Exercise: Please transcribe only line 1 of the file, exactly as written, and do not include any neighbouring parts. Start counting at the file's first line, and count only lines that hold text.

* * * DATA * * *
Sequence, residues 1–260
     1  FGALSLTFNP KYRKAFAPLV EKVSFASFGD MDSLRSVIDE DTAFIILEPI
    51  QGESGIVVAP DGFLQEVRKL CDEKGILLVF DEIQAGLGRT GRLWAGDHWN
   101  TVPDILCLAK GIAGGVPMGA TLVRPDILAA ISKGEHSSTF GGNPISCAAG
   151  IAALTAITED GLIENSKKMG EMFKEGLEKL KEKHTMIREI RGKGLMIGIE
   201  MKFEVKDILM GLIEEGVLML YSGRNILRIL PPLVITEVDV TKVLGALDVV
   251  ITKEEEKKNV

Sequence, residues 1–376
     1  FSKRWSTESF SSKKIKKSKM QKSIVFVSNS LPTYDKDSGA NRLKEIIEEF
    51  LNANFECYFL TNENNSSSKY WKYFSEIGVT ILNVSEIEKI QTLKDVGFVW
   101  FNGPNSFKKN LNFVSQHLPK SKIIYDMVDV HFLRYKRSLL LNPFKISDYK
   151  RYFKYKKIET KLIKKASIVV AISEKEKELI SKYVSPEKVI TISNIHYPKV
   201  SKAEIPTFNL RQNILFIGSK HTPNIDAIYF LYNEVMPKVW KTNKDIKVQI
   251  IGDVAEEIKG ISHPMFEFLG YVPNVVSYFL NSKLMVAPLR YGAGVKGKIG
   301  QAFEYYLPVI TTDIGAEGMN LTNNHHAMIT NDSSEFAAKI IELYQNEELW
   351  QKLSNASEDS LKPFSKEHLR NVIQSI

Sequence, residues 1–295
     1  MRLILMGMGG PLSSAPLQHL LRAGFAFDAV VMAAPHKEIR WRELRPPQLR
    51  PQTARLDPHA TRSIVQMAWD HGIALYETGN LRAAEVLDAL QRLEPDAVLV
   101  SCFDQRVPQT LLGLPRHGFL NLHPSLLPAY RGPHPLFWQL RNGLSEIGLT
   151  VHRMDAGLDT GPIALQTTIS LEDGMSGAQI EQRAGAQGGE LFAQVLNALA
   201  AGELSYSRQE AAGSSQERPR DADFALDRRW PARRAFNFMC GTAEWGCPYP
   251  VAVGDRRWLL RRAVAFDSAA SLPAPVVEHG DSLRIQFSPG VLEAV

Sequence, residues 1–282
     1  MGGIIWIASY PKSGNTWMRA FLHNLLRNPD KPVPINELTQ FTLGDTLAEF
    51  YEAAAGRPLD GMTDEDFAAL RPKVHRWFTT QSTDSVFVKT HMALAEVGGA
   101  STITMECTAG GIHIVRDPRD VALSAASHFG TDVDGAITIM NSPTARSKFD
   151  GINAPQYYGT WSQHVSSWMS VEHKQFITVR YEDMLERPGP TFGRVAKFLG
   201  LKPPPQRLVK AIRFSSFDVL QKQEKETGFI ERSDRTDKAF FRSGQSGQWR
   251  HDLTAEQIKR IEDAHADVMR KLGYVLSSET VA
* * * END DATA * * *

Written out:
Sequence, residues 1–260